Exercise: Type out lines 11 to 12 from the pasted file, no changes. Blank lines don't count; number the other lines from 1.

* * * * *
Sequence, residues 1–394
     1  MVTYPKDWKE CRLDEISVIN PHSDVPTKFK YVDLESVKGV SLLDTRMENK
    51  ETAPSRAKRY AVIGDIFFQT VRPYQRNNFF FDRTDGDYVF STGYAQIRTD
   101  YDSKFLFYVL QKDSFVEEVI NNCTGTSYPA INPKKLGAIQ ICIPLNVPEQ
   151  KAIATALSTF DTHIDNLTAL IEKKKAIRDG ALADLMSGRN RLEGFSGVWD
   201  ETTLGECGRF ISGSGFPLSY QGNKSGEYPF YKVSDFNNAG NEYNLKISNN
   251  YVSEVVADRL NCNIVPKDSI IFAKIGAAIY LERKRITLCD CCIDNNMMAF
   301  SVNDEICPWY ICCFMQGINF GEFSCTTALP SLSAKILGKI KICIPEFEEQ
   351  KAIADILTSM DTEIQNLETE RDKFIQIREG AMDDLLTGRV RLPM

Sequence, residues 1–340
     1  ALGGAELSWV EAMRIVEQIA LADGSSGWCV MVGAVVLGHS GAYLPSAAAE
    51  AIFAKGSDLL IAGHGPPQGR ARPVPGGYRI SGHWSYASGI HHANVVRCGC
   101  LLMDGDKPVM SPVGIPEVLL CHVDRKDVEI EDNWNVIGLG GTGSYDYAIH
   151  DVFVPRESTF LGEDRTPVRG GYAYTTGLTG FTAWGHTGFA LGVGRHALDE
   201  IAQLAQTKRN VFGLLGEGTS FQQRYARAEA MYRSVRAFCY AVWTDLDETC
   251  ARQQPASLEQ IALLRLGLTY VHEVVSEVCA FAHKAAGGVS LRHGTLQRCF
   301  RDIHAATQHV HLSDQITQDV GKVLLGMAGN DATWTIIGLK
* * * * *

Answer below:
     1  ALGGAELSWV EAMRIVEQIA LADGSSGWCV MVGAVVLGHS GAYLPSAAAE
    51  AIFAKGSDLL IAGHGPPQGR ARPVPGGYRI SGHWSYASGI HHANVVRCGC